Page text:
MACKINAC ISLAND, Mich. (AP) — Boosting education standards and crafting an immigration policy that recognizes the valuable role newcomers play in creating jobs is essential to long-term economic growth, former Florida Gov. Jeb Bush said Wednesday.
Speaking to Michigan business and government leaders on this Lake Huron resort island, Bush said the “right to rise” socially and economically is part of the fabric of American citizenship but has become frayed as too few students leave high school ready for college or a career.
“We’re not rising to the challenge,” he said. “It is shameful. The greatest country on Earth has allowed this to happen.”
Bush, who served as Florida governor from 1999-2007, called for more rigorous standards, expanded school choice and greater use of technology in the classroom to better prepare students for jobs that went unfilled even as the unemployment rate soared during the economic downturn.
Responding to criticism that Republicans have harmed public schools by cutting funding, he said U.S. education quality has lagged even as the nation spends more per student than any other.
“What’s important is where it’s spent, where is the focus,” he told reporters after his speech during the Detroit Regional Chamber’s annual Mackinac Policy Conference. “Are you funding the beast, or are you funding classroom education? Are you funding your priorities as it relates to childhood education, or are you just sending money down without any reform at all? The only thing that matters is student achievement.”
Bush praised education policies of Michigan Gov. Rick Snyder, who said during the conference he would emphasize early childhood schooling and career technical training over the next two years.
Bush, the son of former President George H.W. Bush and brother of former President George W. Bush, said he would need at least another year to decide whether to seek the White House in 2016. But he said regardless of whom the GOP chooses as its standard-bearer, its success will depend partly on taking a more welcoming stand toward immigrants.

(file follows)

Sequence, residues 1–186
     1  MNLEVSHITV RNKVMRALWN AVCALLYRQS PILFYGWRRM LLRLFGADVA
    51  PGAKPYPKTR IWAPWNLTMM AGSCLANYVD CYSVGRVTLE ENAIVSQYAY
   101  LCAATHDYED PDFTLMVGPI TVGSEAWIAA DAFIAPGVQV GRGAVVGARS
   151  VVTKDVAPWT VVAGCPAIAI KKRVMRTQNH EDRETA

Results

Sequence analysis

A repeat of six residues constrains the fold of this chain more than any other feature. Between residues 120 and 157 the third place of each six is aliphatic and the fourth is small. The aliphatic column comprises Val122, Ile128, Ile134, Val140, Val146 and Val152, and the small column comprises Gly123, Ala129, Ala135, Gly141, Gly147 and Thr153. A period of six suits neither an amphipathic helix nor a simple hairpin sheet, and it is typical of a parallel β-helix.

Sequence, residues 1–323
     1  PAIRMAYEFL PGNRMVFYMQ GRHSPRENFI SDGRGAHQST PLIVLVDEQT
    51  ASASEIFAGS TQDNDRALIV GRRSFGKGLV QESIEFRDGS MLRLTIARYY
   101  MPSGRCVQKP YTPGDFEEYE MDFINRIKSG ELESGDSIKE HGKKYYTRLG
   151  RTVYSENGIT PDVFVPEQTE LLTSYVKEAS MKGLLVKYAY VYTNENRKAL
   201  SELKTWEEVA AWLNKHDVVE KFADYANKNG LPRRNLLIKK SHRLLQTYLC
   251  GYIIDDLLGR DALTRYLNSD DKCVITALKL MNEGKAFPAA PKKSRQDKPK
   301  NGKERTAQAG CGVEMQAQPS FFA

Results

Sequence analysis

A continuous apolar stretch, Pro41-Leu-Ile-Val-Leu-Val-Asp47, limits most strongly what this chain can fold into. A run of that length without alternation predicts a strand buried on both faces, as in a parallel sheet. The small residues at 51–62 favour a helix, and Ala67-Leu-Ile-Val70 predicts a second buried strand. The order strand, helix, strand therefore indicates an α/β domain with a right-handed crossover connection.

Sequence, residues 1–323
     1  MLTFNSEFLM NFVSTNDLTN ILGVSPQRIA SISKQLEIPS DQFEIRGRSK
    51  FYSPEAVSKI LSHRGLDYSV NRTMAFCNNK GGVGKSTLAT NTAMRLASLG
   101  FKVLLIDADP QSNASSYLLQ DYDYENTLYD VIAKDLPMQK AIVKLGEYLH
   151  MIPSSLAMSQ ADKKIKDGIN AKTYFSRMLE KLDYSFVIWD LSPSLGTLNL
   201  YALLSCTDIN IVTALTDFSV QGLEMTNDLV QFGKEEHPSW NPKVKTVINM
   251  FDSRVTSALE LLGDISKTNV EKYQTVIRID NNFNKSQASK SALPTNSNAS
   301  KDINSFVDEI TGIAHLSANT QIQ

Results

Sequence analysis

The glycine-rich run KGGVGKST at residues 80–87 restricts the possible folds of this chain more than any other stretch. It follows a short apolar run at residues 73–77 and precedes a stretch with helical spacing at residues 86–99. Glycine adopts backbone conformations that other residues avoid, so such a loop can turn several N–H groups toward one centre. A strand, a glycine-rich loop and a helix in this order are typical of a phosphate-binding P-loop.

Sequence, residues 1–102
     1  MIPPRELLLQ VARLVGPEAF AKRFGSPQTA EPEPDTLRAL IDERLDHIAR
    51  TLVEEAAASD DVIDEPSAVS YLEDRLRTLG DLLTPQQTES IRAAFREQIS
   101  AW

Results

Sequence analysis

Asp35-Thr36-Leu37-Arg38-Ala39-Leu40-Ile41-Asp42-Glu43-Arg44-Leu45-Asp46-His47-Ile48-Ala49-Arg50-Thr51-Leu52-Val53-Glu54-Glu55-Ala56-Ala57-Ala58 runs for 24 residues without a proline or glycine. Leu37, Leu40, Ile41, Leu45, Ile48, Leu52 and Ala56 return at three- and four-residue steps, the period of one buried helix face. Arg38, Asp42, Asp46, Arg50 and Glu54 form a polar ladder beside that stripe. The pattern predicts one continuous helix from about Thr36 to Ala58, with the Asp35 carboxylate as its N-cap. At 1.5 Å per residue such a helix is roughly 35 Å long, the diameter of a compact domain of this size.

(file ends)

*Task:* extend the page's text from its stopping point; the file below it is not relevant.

After years of bickering, a Senate committee recently approved an immigration overhaul bill with support from both parties. It calls for new border controls and enforcement mechanisms in the workplace, would allow tens of thousands of workers into the country legally for high- and low-skilled jobs, and create a 13-year path to citizenship for the 11 million people already here illegally. Floor debate is expected in June.
But the measure has drawn sharp criticism from conservative House Republicans who contend it does too little to deal with illegal immigration.
Bush described immigrants as “the adrenaline to our economic system” and said they are essential for growth at a time when U.S. birth rates are stagnating. He acknowledged a need for better border controls but said many people who are in the country illegally first came with legal visas and overstayed them.
“It’s not the American way to keep people in the shadows,” he said.
Many immigrants — particularly Asian-Americans — would seem to be natural Republican voters, Bush said. They exceed the national average in categories such as income, college graduation and business startups. But 75 percent supported President Barack Obama in the 2012 election. Some have the impression that Republicans don’t want them, he said.
“If you’re sending a signal that we want your vote but you really can’t join our club … it’s not the right way to win,” Bush said.
Carlos Gutierrez, who served as U.S. commerce secretary under George W. Bush, praised the Senate bill in a speech at the conference and said immigrants are good for the economy.
“Are they going to come and take our jobs?” he said. “No. They’re going to come and create jobs.”
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